Side Effects
• Very acceptable side effect and safety profile • May cause hypotension, palpitations, tachycardia or bradycardia, constipation, nausea, dyspnea

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Antianginal Agents: Nursing Implications
• Before administering, perform a complete health history to determine presence of conditions that may be contraindications for use or call for cautious use. • Obtain baseline VS, including respiratory patterns and rate. • Assess for drug interactions.

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Antianginal Agents: Nursing Implications
• Patients should not take any medications, including OTC medications, without checking with the physician. • Patients should report blurred vision, persistent headache, dry mouth, dizziness, edema, fainting episodes, weight gain of 2 pounds in 1 day or 5 or more pounds in 1 week, pulse rates under 60, and any dyspnea.
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Antianginal Agents: Nursing Implications
• Alcohol consumption and hot baths or spending time in jacuzzis, hot tubs, or saunas will result in vasodilation, hypotension, and the possibility of fainting. • Teach patients to change positions slowly to avoid postural BP changes. • Encourage patients to keep a record of their anginal attacks, including precipitating factors, number of pills taken, and therapeutic effects.

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Antianginal Agents: Nitroglycerin
Nursing Implications
• Instruct patients in proper technique and guidelines for taking sublingual NTG for anginal pain. • Instruct patients never to chew or swallow the SL form. • Instruct patients that a burning sensation felt with SL forms indicates that the drug is still potent.

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Antianginal Agents: Nitroglycerin
Nursing Implications
• Instruct patients to keep a fresh supply of NTG on hand; potency is lost in about 3 months after the bottle has been opened. • Medications should be stored in an airtight, dark glass bottle with a metal cap and no cotton filler to preserve potency.

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Antianginal Agents: Nitroglycerin
Nursing Implications
• Instruct patients in the proper application of nitrate topical ointments and transdermal forms, including site rotation and removal of old medication. • To reduce tolerance, the patient may be instructed to remove topical forms at bedtime, and apply new doses in the morning, allowing for a nitrate-free period.

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Antianginal Agents: Nitroglycerin
Nursing Implications
• Instruct patients to take prn nitrates at the first hint of anginal pain. • If experiencing chest pain, the patient taking SL NTG should be lying down to prevent or decrease dizziness and fainting that may occur due to hypotension. • Monitor VS frequently during acute exacerbations of angina and during IV administration.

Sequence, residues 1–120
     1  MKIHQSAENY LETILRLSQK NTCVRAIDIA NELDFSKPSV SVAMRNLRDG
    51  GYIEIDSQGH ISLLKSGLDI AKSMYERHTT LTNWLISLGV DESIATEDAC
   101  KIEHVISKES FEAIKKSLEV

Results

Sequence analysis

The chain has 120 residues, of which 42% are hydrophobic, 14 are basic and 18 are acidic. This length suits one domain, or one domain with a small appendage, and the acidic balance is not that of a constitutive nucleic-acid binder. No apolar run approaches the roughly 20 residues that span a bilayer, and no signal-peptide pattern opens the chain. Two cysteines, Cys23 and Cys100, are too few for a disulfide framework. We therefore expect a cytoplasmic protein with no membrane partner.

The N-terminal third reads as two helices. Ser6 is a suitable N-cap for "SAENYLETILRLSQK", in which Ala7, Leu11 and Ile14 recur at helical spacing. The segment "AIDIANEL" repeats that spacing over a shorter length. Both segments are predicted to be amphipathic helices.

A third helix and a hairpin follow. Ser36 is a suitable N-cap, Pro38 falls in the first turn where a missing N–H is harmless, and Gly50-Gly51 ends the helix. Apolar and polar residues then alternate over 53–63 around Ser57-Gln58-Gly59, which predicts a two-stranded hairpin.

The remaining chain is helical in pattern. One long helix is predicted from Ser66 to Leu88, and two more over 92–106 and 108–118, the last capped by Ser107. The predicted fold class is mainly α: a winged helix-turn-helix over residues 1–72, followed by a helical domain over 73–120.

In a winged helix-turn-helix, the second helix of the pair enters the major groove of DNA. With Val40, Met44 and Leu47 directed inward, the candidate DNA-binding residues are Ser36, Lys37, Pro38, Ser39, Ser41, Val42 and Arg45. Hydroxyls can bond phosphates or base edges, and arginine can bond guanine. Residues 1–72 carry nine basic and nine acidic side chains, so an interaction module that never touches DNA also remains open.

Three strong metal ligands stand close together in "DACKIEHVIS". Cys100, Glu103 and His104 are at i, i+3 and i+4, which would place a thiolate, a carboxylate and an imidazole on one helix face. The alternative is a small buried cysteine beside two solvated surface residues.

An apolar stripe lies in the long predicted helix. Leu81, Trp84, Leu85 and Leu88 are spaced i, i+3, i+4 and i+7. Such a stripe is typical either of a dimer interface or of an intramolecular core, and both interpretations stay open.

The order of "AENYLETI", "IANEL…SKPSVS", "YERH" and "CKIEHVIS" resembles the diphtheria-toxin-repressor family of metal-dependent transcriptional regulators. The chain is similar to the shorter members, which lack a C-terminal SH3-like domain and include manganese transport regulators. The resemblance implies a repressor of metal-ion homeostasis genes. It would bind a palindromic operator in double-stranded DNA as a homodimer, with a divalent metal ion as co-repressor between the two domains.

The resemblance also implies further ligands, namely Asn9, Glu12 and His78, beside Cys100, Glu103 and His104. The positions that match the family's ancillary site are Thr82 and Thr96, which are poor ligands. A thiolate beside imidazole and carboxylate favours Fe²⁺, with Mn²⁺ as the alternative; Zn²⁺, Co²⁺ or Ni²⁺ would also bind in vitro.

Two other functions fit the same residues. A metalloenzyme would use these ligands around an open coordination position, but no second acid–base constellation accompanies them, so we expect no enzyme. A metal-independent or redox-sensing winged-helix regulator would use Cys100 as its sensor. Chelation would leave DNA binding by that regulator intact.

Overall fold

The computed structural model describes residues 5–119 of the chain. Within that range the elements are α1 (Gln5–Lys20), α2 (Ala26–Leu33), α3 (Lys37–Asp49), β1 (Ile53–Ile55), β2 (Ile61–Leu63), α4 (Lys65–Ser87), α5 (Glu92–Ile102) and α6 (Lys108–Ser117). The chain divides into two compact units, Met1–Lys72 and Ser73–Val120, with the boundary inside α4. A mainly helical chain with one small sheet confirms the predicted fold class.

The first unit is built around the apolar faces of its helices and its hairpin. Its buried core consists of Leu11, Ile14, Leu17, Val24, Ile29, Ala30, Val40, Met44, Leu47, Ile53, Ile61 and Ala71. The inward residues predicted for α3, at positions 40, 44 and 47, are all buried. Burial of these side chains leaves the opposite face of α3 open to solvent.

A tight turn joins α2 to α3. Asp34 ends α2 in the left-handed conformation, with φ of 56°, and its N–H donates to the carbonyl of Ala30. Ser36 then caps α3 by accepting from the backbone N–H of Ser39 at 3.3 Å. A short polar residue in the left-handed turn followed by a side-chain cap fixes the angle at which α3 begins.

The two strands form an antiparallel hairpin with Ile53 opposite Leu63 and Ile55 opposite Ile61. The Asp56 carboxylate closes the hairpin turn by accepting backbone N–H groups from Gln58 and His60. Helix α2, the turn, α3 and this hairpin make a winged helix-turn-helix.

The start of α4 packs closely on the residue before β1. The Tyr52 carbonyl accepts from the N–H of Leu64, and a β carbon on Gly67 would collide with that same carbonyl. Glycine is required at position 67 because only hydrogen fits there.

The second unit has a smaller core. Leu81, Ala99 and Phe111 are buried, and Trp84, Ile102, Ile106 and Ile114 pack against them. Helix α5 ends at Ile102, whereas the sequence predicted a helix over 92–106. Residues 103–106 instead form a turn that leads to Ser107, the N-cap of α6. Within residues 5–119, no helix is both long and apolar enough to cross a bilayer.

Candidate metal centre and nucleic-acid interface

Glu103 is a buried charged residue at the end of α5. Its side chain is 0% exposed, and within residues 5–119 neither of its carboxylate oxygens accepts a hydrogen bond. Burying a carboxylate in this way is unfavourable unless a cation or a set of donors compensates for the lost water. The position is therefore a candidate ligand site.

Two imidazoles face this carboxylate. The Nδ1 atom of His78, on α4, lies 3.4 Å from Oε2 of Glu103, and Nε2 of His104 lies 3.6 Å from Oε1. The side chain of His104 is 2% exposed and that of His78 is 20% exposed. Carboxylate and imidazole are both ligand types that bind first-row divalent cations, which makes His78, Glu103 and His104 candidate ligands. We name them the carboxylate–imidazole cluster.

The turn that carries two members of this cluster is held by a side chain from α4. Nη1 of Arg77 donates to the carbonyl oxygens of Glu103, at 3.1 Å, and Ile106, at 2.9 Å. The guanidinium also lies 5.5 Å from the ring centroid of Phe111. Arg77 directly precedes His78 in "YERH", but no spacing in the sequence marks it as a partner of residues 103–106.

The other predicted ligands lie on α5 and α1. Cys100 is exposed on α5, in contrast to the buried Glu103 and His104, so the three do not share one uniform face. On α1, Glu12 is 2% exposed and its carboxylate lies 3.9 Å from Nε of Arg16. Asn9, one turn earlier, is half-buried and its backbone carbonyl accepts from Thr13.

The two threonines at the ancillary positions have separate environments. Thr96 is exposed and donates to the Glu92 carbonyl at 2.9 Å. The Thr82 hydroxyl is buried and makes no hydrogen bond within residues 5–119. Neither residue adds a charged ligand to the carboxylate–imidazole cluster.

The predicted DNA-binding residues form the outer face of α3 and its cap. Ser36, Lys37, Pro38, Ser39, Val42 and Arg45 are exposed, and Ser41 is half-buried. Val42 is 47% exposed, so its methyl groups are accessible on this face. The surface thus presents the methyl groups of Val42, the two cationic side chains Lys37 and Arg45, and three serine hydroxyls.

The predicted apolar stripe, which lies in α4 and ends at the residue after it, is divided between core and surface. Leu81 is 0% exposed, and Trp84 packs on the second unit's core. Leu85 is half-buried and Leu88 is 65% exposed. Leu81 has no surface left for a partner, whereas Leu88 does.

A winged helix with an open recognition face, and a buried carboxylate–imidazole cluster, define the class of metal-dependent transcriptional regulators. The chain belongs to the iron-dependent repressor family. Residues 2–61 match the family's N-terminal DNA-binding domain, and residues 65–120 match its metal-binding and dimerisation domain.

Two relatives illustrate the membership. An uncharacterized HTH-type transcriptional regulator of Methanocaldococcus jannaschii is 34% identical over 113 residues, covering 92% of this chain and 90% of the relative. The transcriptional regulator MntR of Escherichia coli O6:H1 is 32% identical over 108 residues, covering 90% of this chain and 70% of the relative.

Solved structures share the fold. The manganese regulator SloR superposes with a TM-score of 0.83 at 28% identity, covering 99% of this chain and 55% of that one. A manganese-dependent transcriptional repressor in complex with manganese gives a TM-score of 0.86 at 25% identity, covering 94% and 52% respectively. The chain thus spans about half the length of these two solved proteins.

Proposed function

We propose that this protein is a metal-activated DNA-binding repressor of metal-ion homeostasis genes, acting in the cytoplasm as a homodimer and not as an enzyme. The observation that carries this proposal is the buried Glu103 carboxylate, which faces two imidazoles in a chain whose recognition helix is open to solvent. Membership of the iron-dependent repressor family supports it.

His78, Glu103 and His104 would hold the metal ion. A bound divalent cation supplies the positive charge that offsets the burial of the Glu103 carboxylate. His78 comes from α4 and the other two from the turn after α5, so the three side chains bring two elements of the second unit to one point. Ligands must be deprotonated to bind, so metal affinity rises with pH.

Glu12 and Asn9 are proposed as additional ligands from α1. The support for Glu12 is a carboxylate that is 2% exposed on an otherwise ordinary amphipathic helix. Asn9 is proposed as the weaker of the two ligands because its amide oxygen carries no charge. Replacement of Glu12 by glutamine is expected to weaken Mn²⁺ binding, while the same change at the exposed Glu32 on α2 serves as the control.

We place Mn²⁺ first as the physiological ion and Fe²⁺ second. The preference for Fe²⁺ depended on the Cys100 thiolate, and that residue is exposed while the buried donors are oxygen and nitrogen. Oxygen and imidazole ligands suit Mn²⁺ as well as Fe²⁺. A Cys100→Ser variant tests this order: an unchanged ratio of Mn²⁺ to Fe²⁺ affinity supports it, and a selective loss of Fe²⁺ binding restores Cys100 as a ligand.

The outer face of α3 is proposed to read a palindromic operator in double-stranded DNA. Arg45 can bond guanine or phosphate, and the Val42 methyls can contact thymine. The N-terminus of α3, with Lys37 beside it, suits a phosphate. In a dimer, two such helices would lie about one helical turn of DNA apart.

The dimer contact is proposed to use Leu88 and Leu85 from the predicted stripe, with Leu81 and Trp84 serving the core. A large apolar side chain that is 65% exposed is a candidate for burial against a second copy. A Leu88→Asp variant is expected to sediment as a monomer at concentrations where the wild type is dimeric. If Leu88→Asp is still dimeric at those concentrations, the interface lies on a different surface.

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Antianginal Agents: Nitroglycerin
Nursing Implications
• IV forms of NTG must be contained in glass IV bottles and must be given with infusion pumps. • Discard parenteral solution that is blue, green, or dark red. • Follow specific manufacturer’s instructions for IV administration. Use special IV tubing provided or non-PVC tubing.

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Antianginal Agents: Calcium Channel Blockers
Nursing Implications
• Blood levels should be monitored to ensure they are therapeutic. • Oral CCBs should be taken before meals and as ordered. • Patients should be encouraged to limit caffeine intake.

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Antianginal Agents: Beta Blockers
Nursing Implications
• Patients taking beta blockers should monitor pulse rate daily and report any rate lower than 60 beats per minute. • Dizziness or fainting should also be reported. • Constipation is a common problem. Instruct patients to take in adequate fluids and eat high-fiber foods.

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Antianginal Agents: Beta Blockers
Nursing Implications
• These medications should never be abruptly discontinued due to risk of rebound hypertensive crisis. • Inform patients that these medications are for long-term prevention of angina, not for immediate relief.

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Antianginal Agents: Nursing Implications
• Monitor for adverse reactions
– Allergic reactions, headache, light-headedness, hypotension, dizziness

• Monitor for therapeutic effects
– Relief of angina, decreased BP, or both

Copyright © 2002, 1998, Elsevier Science (USA). All rights reserved.